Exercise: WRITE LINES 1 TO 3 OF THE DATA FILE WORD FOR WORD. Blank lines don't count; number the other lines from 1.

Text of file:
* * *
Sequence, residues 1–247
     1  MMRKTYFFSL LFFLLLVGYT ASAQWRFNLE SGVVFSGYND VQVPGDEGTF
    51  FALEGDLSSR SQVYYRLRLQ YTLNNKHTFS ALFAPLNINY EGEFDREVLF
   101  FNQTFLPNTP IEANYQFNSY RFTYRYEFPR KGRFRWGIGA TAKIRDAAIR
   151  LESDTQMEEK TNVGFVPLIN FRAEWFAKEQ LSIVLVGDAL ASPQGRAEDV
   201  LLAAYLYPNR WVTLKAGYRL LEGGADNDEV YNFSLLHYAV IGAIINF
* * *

Sequence, residues 1–247
     1  MMRKTYFFSL LFFLLLVGYT ASAQWRFNLE SGVVFSGYND VQVPGDEGTF
    51  FALEGDLSSR SQVYYRLRLQ YTLNNKHTFS ALFAPLNINY EGEFDREVLF